Beltran said Glam Fam shows that while people can come from different countries, languages and cultures, human themes like mother-child relationships, sexuality and scolding are shared experiences.
“It’s like we’re cousins from another culture.” Beltran said, teasing she can’t picture herself living with Tran. The women formed their group back in 2015 and have a few sketches under their belt.
Beltran recalls how her college roommate related to her experience helping her parents accept she was sexually active. The other young woman wasn’t of color but she came from a conservative religious background.
“It’s just growing up in Texas and how they taught sex ed” Beltran said. “Abstinence-only” Tran added.
“Our whole show is relatable. It’s not just about sexuality. It’s also about dumb stuff” Tran said.
This includes silliness and pop culture references like sketches where they play high school principals who rap, what famed Japanese organizing consultant Marie Kondo is like when she is having a bad day, and what happens when a multilingual flight attendant translates words verbatim. Musical and video elements are also added into the mix.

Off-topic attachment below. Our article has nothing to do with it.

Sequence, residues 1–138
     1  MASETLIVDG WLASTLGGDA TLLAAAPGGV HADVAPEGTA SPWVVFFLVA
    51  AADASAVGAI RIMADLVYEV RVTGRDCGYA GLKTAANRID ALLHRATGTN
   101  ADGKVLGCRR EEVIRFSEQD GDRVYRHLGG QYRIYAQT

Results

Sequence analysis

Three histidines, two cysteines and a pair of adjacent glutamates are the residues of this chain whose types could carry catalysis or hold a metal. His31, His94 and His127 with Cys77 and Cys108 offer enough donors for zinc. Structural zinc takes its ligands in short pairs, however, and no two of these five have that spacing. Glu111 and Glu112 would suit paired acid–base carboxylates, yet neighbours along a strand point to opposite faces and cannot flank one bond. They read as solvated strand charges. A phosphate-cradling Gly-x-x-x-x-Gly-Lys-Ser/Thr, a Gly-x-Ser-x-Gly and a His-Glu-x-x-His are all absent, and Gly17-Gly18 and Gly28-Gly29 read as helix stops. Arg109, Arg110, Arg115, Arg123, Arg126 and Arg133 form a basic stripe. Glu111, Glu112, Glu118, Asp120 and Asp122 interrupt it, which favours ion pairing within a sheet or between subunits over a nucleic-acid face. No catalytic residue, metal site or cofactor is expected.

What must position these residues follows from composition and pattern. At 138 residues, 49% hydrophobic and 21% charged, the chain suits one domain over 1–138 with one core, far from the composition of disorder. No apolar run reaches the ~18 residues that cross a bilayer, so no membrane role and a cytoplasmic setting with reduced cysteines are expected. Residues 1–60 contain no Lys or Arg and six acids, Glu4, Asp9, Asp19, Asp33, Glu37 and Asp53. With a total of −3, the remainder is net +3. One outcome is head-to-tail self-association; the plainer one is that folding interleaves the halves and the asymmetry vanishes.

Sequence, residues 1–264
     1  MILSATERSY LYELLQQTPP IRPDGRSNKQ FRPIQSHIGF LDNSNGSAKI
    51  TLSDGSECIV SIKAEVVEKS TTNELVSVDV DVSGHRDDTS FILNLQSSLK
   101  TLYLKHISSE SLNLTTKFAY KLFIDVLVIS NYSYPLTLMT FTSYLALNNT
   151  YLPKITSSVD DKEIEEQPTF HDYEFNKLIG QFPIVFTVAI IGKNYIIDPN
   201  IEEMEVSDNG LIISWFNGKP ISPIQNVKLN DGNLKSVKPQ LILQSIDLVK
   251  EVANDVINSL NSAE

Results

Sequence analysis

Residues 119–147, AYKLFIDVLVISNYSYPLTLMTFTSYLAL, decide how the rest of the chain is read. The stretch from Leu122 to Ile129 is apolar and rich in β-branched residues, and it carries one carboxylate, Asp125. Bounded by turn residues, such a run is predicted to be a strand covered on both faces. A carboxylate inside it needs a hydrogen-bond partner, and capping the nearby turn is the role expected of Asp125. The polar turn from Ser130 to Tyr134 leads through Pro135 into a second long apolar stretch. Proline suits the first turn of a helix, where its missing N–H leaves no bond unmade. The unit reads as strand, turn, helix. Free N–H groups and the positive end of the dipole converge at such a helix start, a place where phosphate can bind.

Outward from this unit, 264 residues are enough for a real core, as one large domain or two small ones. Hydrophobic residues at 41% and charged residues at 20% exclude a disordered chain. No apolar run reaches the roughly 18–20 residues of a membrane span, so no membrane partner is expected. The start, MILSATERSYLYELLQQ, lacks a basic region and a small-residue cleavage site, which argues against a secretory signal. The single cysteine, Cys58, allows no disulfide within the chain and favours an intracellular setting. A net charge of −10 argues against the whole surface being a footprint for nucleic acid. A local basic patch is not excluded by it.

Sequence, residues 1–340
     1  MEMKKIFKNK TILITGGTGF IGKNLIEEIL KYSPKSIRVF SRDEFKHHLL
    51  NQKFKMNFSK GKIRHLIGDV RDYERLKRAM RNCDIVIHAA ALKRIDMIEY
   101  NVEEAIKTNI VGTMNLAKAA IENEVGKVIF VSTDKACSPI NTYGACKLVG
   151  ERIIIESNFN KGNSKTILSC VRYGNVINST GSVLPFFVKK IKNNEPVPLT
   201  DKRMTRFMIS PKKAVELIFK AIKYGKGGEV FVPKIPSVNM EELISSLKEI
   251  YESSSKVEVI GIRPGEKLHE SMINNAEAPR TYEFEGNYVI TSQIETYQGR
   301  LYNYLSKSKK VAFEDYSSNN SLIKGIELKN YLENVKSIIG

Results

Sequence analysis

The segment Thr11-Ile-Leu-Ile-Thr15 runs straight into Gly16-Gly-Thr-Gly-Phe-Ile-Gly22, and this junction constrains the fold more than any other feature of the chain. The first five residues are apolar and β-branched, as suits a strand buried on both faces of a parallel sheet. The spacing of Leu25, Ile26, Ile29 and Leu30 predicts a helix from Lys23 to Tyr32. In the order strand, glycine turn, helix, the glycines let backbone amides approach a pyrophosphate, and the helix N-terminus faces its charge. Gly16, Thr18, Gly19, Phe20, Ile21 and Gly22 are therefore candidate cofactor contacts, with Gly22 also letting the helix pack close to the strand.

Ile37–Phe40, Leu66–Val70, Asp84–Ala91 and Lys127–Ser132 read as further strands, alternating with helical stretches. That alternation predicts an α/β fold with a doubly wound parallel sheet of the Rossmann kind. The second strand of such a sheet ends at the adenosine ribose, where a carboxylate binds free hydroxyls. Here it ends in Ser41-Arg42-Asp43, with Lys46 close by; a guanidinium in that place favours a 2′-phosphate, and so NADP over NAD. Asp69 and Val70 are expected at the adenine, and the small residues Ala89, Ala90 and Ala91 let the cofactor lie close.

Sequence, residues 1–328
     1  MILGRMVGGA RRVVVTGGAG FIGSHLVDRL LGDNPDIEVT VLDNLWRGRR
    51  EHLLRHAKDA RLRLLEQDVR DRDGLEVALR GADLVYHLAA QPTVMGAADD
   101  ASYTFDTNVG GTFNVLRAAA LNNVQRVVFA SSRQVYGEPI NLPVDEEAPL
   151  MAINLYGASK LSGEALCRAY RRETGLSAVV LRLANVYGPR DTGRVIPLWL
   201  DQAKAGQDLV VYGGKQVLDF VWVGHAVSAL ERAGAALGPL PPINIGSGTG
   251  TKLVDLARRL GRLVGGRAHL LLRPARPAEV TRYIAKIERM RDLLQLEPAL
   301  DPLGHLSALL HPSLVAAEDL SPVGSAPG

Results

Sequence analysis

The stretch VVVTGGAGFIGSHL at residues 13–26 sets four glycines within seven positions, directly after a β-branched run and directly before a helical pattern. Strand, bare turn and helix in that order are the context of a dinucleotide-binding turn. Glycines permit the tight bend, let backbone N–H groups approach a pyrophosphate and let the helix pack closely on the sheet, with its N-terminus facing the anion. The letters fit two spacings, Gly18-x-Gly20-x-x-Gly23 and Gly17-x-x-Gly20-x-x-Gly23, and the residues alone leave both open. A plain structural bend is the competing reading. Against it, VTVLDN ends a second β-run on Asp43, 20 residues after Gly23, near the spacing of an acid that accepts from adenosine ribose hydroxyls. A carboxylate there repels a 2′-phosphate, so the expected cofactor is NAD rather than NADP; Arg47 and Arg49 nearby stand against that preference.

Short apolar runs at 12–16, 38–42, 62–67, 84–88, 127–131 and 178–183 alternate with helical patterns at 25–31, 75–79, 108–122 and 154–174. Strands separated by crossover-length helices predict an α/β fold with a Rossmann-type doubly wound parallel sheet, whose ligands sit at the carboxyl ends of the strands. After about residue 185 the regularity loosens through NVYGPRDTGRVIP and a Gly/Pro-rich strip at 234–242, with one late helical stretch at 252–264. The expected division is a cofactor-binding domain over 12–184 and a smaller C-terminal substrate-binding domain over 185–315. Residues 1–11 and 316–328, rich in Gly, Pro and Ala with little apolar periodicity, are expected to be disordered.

Each woman performs a profound personal sketch. In Tran’s case, it’s telling her parents she’s no longer a virgin. Beltran stages an email exchange with a much older man who made a pass on her without her realizing it.
Glam Fam is aware that while the comedy scene is changing to include more diverse audiences, progress still needs to be made to reflect the country’s evolving demographics.
“I think there has been a rise in women in comedy in general. I feel like I’m inspired by Broad City, the women of PEN15, and obviously women like Tina Fey and Amy Poehler who are doing it in a general sense,” Tran said. “The improv community in Austin is very open and welcoming and that women’s improv class was meant to be empowering. I was like, ‘If they can do it, why can’t I.’”
Tickets to Glam Fam’s Feelin’ Myself Comedy Show are available here. The comedy variety show premieres on Saturday, May 11th at 7:00 PM CDT in the ColdTowne Theater in Austin, Texas, with a following taking place on Friday, May 24th (featuring Gutter–a pack theater sketch team from Los Angeles starring several ColdTowne Theater Alumnus).
If you’re interested, grab your tickets Now.